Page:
I am Owlbear!
United States
Allen Park
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Mob Rules was designed by Maurice Tousignant part of the 2013 24 hour RPG contest on RPGGeek. It can be downloaded on this site.

Mob Rules is setting free. It is designed to represent the actions of mobs in nearly any environment and composed of just about any kind of members.

Character Creation
In this game, your character is your mob. It has only two stats, size and discipline. The size of your mob is represented by the number of six-sided dice you use when resolving actions. If your mob is size 5, then you roll 5 dice. If it’s size 3, you have 3 dice. The number of dice you roll can change during the course of the game depending on your actions. Doing well can increase the size of your mob and you can also lose members if things go poorly.

The other stat is discipline. Discipline ranges from 6 (the worst) to 2 (the best). When attempting a typical skill check, you need to roll over your discipline to achieve success.

Your mob should also have a description and a motivation. These two elements comprise the role-playing element of the game. A mob of space marines trying to break through enemy lines is different than a gang of peasants out to overthrow the corrupt baron.

Playing the Game
The game has a GM whose job is to roll for opposing mobs and to determine the difficulty of various tasks. The more difficult a task is, the more successes a mob must roll in order to achieve it.
The other difference from most role-playing games is that player-vs-player combat is not only permitted but expected. Part of the intent is to set up situations where the players may be playing mobs that oppose each other or which might unite to defeat a common enemy then deal with each other once they have dealt with that enemy.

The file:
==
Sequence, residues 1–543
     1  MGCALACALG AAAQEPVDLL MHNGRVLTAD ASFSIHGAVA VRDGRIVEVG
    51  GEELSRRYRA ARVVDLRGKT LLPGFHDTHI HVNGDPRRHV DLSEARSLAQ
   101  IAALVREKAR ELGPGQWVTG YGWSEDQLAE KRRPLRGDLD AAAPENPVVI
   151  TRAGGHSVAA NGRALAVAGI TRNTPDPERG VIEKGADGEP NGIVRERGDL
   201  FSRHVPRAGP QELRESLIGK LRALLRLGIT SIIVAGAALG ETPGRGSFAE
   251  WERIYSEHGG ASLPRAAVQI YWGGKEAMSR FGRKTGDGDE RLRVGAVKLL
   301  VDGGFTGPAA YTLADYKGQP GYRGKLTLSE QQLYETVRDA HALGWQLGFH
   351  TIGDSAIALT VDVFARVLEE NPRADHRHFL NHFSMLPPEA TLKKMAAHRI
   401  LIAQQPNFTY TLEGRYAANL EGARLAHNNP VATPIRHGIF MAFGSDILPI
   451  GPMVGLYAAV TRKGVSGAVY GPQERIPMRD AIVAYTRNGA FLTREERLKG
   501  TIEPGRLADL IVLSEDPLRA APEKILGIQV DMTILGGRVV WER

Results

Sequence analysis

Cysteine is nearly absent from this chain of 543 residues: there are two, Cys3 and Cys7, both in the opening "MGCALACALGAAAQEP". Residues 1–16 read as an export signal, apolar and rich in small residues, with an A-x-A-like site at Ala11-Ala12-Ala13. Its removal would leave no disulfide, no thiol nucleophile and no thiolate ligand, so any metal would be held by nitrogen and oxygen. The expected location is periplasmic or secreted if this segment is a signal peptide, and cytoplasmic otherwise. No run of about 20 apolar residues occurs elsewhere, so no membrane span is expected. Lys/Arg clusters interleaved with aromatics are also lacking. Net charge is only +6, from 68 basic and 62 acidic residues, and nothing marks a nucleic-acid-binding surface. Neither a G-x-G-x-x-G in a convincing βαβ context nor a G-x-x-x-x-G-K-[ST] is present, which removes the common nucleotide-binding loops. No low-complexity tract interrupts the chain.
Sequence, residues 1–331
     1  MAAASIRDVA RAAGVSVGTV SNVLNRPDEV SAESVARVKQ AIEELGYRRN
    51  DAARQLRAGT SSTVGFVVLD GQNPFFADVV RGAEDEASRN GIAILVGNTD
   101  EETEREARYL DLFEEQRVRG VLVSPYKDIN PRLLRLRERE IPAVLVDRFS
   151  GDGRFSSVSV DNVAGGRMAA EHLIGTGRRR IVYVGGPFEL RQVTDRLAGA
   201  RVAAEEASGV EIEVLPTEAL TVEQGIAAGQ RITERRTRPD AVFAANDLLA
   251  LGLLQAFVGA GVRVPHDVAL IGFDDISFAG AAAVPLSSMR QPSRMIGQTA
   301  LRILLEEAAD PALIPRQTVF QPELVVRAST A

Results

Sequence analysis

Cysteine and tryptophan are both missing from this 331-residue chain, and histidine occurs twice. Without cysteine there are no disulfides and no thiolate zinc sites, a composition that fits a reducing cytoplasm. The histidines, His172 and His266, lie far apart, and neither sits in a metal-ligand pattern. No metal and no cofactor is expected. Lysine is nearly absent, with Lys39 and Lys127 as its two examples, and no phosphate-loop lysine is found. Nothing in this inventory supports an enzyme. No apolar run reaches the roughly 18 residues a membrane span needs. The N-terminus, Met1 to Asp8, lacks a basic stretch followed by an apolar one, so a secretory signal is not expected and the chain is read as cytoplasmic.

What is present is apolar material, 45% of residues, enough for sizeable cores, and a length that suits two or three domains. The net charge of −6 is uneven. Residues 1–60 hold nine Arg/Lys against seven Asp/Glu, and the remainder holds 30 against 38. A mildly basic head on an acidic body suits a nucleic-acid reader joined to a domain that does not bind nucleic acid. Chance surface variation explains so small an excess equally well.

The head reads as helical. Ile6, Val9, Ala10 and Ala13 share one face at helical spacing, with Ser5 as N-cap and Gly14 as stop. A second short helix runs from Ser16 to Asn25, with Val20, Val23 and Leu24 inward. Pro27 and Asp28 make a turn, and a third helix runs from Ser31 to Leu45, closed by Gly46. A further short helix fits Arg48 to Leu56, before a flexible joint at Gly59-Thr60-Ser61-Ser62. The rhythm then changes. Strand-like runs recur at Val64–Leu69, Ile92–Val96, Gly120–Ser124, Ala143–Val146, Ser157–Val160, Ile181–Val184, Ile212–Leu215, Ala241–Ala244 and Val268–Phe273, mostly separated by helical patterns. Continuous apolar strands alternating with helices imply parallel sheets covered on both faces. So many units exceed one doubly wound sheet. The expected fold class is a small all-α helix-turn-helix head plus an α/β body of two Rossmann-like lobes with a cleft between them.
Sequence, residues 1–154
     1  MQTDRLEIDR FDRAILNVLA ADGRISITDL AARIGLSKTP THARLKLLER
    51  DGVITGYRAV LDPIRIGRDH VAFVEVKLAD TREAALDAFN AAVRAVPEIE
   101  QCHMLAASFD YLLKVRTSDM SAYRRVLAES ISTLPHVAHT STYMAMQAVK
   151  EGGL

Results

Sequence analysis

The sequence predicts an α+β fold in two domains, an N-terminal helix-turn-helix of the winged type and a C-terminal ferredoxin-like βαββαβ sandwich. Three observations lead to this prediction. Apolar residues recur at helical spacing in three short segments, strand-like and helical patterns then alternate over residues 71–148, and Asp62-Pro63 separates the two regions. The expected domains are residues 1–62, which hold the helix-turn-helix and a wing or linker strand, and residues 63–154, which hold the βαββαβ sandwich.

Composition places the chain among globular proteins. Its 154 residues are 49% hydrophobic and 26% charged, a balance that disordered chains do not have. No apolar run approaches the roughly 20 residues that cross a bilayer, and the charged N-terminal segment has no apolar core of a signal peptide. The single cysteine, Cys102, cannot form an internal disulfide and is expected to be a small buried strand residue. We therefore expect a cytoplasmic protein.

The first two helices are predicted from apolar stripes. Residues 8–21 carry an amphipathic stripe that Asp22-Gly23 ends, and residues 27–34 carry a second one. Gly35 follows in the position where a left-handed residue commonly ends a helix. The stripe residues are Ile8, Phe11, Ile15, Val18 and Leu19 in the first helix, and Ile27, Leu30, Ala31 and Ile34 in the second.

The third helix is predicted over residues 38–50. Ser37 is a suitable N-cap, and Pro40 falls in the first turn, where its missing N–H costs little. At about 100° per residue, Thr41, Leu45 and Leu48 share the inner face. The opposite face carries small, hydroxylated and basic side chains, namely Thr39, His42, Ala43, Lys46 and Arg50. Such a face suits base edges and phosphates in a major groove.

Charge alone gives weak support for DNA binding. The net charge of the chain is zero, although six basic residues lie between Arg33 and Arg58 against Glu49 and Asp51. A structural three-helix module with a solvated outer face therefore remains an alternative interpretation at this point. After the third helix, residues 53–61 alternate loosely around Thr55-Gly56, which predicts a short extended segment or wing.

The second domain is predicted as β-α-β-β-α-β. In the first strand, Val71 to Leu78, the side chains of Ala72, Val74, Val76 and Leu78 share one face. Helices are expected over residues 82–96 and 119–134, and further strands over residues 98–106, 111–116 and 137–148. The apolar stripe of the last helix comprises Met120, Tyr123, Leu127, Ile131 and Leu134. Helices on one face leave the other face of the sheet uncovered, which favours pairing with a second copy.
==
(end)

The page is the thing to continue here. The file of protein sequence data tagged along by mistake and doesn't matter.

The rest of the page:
It is also possible to play the game without a GM by having the players agree to the setting and the various mobs to be used. This requires cooperation on the part of the players in setting target numbers, but is a nice option.

The System
First things first, it would be inappropriate to really lambast a game someone made in 24 hours or less. I’m not going to talk about grammar, spelling etc., unless it really gets in the way of understanding the rules. Likewise, I won’t make too much ruckus about the physical presentation of the game.

The system is pretty simple, there are two kinds of rolls. A typical roll finds the player rolling the dice representing the mob against discipline. Any roll which exceeds the discipline of the mob counts as a success. If the player rolls as many successes as the GM has identified as the target, then they succeed.

The other roll is the mob vs. mob roll. In this case the two mobs roll their dice and compare their total number of successes; whichever mob has the most successes wins.

There are other rules related to the size and discipline of the mobs. If your mob succeeds at a task there is a chance that your mob will increase in size. You can also sacrifice mob members to convert a failure into a success.

Any time the size of your mob changes you make a discipline check, a good result will improve your discipline, an average one will leave it as is, and a poor result will increase your discipline (making all tasks harder).

So first things first; I love the idea of this game. Simple rules for creating your own mob and then playing them is an awesome idea. In my evaluation of the games, this was the one I was most excited to try. We played it once and I really enjoyed it, but my fellow players weren’t as certain.

I think the issue is that while the idea is awesome, some of the math is off a little. The discipline roll as written can never let your discipline go up. A mob with a discipline of 6 can’t succeed since you have to roll more than your discipline to succeed. An easy fix would be to say you had to meet or beat your discipline rather than beat it. All the issues we found are fixed this easily.

I really hope Maurice continues to work on this game. I think there is an awesome core here and with some adjustments, I think this could be a lot of fun. The idea of being able to sit down, declare your mob and play is very appealing to me and I’d love to see version 2 of the rules which corrected some of the (mostly minor) issues.
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Maurice Tousignant
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Awesome review man!

It's great you see so much promise in the game. I thought it was a really cool concept and 24 hours wasn't really enough to do it justice.

I really do plan to go back and work on this one some more. If I do I'll let you know and maybe you can help me with playtesting.
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